Bathroom Break Aka Text Messaging Break Aka Phone Call Break

Let’s say, what percent of us go to the restrooms, powder room, lavatory, john or whatever we name it to check a text message, voice mail, answer or make a call and/or just to play some app games on our phone. Well we would be part of the 750 Americans out of 1,000 that use our phone in the restroom. In the United States, its common how technology these days are improving much faster, but then it seems that we ignore WHERE we use our mobile devices. In class we always discuss the improvements, upgrades, differences of new, old, presently and original devices/technology. But this is a different chance for use to talk about.

It’s a close chance that one of us follow into the percentage of  “67 percent reading, 63 percent answering a phone call and 41 percent initiated a phone call without waiting to exit the facilities first” in the United States from the IT in the Toilet study. It appears clearly that whenever we feel bored or feel the need to keep ourselves busy we reach for our devices. I would like to discuss the reason or need why we have this urge or addiction I might call it to be part of the 77 percentage “we can’t keep our hands off our devices”.


Furthermore into the study, it’s funny, sick and not thought of that they found out that 92 percent of the individual respondents wash their hands after using the restroom, BUT while the 14 percent DON’T was their phones. So let’s think about that while a making a phone call, text, game play on your or another’s phone/device.

Going through articles, additionally found is What the heck, while who ever is on the toilet, not only playing apps on our phone but a app that flushes your toilet. One that flushes, cleans after your business and adding more to keep a diary of your stuff to keep you on track to healthy. This article, is a smart phone app that can make your bathroom experience better? Is this something nessary?



Now since we were talking about using mobile devices in the john, I came by an article that a technology device made by Mario Lukas from Germany invented and created a toilet paper dispenser that prints out twitter feedback, yea I said PRINTS OUT on the toilet paper the feedback. Will this be something that we spend much more time in the restroom or is this taken a little too far.

Here is the link: & Video. Image

The Dead Return on Facebook?

Something funny is going on over at Facebook. A couple days ago, this article hit the internet and has raised some questions about the site’s “like” feature. The author started getting curious about it when he started noticing unusual behavior from some of his Facebook friends, such as anarchists “liking” major corporations and vegetarians “liking” meaty McDonalds meals. What stood out the most was that some of his dead friends had been liking various (usually corporate) pages.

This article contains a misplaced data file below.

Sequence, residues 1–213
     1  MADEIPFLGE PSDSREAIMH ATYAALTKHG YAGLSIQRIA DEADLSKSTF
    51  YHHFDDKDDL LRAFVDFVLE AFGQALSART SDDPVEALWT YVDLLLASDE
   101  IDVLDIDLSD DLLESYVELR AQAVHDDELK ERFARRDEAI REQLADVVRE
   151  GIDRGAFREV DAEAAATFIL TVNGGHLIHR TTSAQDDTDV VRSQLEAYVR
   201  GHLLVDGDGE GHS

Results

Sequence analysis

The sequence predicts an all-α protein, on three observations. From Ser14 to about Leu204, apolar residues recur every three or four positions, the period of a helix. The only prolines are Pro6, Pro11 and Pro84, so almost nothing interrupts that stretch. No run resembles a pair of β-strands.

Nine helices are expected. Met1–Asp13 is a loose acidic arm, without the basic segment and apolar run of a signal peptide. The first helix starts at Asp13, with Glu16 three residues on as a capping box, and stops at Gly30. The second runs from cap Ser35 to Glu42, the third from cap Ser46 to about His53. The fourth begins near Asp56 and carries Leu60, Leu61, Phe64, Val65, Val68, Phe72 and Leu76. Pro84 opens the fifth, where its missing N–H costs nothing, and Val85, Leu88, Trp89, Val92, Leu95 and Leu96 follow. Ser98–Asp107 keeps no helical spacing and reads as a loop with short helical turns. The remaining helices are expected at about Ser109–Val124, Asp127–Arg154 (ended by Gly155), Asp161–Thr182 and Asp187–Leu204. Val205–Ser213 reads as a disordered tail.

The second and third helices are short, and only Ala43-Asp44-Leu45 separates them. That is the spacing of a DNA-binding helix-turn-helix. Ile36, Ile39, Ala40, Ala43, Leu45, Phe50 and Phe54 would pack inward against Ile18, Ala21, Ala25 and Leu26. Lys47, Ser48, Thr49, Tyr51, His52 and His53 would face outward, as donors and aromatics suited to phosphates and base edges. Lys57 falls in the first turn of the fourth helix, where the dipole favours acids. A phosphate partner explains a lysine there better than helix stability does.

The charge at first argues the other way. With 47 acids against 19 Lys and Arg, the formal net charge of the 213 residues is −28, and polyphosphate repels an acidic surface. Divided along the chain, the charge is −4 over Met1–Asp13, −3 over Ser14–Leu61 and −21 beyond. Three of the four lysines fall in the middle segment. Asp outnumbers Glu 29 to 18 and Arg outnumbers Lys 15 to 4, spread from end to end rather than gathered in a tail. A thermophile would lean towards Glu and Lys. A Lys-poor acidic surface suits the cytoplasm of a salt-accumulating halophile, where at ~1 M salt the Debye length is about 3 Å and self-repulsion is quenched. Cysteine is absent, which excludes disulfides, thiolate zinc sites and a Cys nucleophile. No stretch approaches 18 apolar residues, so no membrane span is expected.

The author contacted Facebook about it, and they (of course) just said that the likes from living users are probably accidental and that the “likes” people make can resurface in their timelines long after they make them, explaining the dead peoples’ Facebook activity. Maybe that’s possible, but it’s not very convincing, especially since this isn’t the first time Facebook has had a problem with fake likes. What’s actually going on (if their story is just a cover) is hard to say. It’s possible that third parties who have access to users’ accounts are selling likes to big companies. Or it could be a problem with the site. Whatever it is, Facebook needs to get it under control. Users don’t like having their accounts manipulated, and shareholders don’t like false information being spread. The only reason Facebook is worth so much money is because they have a mountain of user data that advertisers are interested in, and the less reliable that data becomes, the less Facebook will be worth. However, Facebook has been allowing third parties to run wild on the site since day one. All kinds of apps and games demand full access to users’ profiles in exchange for the service. Now that it has the potential to hurt Facebook, will the company finally crack down on the permissions that third parties can demand?

Samsung Vs Apple

How many of you have the latest iPhone 5 or the latest Samsung Galaxy S3? How many of us just want the best phone, if money is no matter? How many want what’s “hot” in the technology world? How many just want a phone that can do anything that relates to our life? For example: student, business, marketing, painting, writing, and etc. Do you want a camera, internet connection, games or just a SIMPLE PHONE!?

Well Since the beginning of this course we have been discussing in detail of technology, the design and reason for the design then how today it’s be ing updated, changed and used. In this article it’s similar and/or relates to our discussion/activity on comparing in detail of Facebook and MySpace.


This particular article talks about how Samsung and Apple are in a feud of not only the “similar” designs of the devices, but more into detail the process. From reading this article, what I got out of it was that Apple isn’t only making an announcement that Samsung has obviously “copycat” its design but more of a threat is the “Cook” side of Apple.